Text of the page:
Category: Hospitals

Vaughan Glen Hospital – The Original Sick Kids Hospital

Original Sick Kids Hospital Toronto Vaughan Glen Hospital

In May of 1899, a group of twenty-two women sat down for tea and formed a committee dedicated to helping sick childeren. The women formed the Home for Incurable Children. Eighteen of the women would become founding members of The Hospital for Sick Children.The Home’s mission statement was, “to receive and tenderly care for children of either sex, between the ages of 2 and 16 years, afflicted with any incurable disease.” Two years later the mission statement was amended to exclude “those merely blind, deaf or dumb; those suffering from epilepsy; those imbecile or idiotic; those suffering from pulmonary tubercolosis.”In…


Woodstock General Hospital

Woodstock General Hospital

Following several typhoid epidemics and six years of debate, the Woodstock General Hospital was opened in 1895 and was situated on a hill between Riddell and Wellington Streets in the Town of Woodstock. The original hospital contained a small operating room and thirty patient beds. In 1924 the West Wing was added to the property, an X-Ray department in 1925 and a Children’s Warn in 1935.By 1951, Woodstock General Hospital had fifty-eight doctors and 119 beds which included 26 children’s beds and one isolation.In 1954 work began on a new addition to the hospital, which saw most of the original…


London Psychiatric Hospital | Regional Mental Health Care London, Ontario

Abandoned Regional Mental Health Care London

  Regional Mental Health Care London The London Asylum for the Insane once stood on the grounds of 850 Highbury Avenue in London, Ontario. The asylum’s name was later changed to Ontario Hospital London. In 1963, the Ontario Hospital London was demolished and replaced with the London Psychiatric Hospital.The original asylum examination building still stands today but is extremely unsafe to explore due to the flooring.In 2001, St. Joseph’s Health Care took over the institution and changed the name of the facility to Regional Mental Health Care London (RMHC). The hospital provided in-patient and out-patient support services for people suffering…


St. Joseph’s Hospital in Sudbury Ontario

Abandoned St. Joseph's Hospital in Sudbury

During the early 20th century the Ontario government was not known to contribute substantially towards the cost of constructing or operating hospitals. In 1944 a group of physicians along with Bishop R.H. Dignan (Diocese of Sault Ste Marie) and Monsignor J.C. Humphrey (Christ the King Church) approached the Sisters of St. Joseph of Sault Ste Marie for assistance in financing the construction of a new hospital. On September 2, 1944 the Sisters purchased seven acres of property located at 700 Paris Street from Mr. and Mrs. Stafford using their own funding. The Lieutenant Governor approved an Order in Council for…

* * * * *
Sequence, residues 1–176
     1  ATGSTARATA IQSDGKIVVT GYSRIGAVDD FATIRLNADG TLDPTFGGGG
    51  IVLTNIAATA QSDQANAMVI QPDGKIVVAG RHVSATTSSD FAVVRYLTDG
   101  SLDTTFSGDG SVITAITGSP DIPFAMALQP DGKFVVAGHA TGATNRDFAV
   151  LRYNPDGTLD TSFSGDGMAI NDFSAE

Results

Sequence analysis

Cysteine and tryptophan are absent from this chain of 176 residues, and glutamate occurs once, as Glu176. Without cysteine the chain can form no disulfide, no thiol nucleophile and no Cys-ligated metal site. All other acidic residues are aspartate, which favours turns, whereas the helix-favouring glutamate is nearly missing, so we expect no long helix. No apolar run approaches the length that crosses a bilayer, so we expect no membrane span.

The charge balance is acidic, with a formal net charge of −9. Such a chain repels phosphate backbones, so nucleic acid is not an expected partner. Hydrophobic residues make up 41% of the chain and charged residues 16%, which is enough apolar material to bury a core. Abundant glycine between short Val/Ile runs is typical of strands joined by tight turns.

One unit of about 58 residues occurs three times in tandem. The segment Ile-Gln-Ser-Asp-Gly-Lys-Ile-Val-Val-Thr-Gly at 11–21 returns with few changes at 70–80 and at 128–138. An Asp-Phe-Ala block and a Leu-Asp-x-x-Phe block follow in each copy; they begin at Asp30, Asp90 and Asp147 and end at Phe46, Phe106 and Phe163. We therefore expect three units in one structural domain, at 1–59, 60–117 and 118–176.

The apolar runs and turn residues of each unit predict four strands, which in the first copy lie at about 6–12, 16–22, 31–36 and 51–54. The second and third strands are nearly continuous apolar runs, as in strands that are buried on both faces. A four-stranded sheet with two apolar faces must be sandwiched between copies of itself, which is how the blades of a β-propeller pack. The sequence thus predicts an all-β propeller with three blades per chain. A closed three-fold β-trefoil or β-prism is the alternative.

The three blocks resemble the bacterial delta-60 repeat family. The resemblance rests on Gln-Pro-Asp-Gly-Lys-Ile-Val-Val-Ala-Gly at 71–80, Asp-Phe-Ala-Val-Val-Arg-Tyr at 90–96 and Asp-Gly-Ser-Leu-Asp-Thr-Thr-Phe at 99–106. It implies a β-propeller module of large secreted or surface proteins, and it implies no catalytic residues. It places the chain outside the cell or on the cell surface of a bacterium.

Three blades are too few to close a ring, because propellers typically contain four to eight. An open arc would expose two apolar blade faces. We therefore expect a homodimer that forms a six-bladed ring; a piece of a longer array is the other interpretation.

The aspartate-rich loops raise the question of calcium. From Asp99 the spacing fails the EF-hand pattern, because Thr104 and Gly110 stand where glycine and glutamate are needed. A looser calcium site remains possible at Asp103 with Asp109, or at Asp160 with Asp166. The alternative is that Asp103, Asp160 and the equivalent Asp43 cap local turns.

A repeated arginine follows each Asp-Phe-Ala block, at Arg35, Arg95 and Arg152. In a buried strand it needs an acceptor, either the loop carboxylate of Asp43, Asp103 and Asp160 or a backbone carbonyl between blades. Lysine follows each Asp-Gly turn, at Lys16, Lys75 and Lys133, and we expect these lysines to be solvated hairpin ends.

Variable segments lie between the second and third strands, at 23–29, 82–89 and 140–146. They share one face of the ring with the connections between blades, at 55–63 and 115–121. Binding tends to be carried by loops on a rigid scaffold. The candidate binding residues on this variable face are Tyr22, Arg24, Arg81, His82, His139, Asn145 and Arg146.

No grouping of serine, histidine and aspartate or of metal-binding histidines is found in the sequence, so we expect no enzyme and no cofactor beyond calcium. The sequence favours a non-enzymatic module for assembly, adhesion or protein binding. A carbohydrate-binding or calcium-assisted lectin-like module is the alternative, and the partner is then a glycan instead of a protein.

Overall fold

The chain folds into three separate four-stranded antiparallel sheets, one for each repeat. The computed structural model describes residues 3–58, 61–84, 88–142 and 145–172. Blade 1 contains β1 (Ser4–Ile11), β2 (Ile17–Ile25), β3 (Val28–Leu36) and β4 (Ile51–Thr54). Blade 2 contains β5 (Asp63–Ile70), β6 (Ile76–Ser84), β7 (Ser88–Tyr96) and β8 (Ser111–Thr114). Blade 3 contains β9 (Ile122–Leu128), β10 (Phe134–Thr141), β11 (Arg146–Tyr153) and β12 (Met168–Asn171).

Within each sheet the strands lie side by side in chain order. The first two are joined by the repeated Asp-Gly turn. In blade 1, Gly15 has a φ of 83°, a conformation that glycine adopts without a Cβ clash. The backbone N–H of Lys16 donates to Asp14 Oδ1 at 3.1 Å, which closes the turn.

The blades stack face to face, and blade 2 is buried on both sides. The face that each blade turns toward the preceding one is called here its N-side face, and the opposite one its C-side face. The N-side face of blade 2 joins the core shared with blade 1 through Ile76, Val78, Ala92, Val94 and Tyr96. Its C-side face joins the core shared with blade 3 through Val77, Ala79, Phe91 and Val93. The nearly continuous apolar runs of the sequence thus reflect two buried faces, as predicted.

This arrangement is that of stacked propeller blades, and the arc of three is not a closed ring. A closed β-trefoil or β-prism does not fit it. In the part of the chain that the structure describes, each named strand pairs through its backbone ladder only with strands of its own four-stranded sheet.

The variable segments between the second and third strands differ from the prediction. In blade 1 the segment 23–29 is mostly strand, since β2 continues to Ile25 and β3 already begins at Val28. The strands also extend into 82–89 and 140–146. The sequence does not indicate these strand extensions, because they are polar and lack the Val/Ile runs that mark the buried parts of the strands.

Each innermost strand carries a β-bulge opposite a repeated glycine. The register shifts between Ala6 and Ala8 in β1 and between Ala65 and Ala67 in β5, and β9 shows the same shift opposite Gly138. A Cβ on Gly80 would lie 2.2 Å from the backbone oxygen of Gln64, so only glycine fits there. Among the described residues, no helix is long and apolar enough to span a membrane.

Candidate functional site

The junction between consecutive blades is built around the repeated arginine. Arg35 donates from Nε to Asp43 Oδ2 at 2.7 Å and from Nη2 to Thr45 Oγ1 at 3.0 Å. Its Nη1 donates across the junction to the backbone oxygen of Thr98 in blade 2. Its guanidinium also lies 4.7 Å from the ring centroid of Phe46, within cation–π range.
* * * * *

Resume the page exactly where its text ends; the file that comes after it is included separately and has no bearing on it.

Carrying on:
Chedoke Hospital in Hamilton, Ontario

Chedoke Hospital Hamilton

The Chedoke Hospital in Hamilton started as a sanitarium for tuberculosis patients in 1906. It began as a two tent operation located on a farm where eight patients were able to be treated.  When antibiotics were discovered by Albert Schatz in 1943, the need for long stays in sanitariums was no longer required. To remain operational the sanitarium began accepting Inuit patients from Northern Canada. From 1958 until 1962, approximately 1,300 patients received treatment at Chedoke. Life for Inuit patients could often involve feelings of isolation, being confined to a bed, language barriers and some suffered abuse at the hands…


St. Catharines General Hospital and Autopsy Room

Abandoned St. Catharines Hospital

History of St. Catharine’s General Hospital St. Catharine’s first hospital was founded by Dr. Theophilus Mack in 1865. It was built on Cherry Street and contained four beds. The hospital provided medical care for sailors passing through the Welland Canal as well as to the local residents.  A second hospital, on Hainer Street, opened in the spring of 1867 and was three times larger with twelve beds.  In March of 1870 the board agreed to purchase the Winsor Chase house on Queenston Street. The house was remodelled to create room for sixteen beds. It opened in September of the same year. The…